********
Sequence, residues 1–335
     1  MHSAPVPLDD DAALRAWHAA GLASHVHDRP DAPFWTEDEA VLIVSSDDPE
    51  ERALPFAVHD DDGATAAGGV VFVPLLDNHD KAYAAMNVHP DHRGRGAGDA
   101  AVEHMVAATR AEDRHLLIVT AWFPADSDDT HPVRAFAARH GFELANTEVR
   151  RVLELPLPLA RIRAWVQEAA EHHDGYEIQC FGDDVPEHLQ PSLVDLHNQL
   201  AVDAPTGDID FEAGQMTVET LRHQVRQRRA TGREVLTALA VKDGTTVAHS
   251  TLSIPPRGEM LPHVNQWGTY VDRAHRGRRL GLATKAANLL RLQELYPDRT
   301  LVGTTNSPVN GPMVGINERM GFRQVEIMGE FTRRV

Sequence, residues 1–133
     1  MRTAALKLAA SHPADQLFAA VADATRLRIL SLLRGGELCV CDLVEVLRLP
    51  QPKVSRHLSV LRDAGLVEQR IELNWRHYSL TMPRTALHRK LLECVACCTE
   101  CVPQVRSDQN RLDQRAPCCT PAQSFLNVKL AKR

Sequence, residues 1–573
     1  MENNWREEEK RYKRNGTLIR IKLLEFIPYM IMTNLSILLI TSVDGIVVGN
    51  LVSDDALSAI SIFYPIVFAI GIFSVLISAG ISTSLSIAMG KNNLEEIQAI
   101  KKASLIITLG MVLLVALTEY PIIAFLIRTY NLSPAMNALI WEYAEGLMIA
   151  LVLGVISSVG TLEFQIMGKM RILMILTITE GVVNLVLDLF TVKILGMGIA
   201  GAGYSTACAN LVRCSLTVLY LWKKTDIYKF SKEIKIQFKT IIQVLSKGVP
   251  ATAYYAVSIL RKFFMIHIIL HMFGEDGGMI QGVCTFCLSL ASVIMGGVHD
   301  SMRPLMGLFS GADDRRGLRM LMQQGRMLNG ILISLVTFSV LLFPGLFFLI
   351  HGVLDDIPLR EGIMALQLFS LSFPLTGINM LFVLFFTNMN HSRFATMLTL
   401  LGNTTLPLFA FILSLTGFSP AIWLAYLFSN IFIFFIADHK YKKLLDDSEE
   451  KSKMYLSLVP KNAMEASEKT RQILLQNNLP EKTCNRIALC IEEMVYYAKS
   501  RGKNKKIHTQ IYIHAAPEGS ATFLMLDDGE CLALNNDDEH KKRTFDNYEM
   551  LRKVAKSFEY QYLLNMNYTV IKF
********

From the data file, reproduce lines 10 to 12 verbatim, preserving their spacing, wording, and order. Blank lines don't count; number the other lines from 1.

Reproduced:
     1  MRTAALKLAA SHPADQLFAA VADATRLRIL SLLRGGELCV CDLVEVLRLP
    51  QPKVSRHLSV LRDAGLVEQR IELNWRHYSL TMPRTALHRK LLECVACCTE
   101  CVPQVRSDQN RLDQRAPCCT PAQSFLNVKL AKR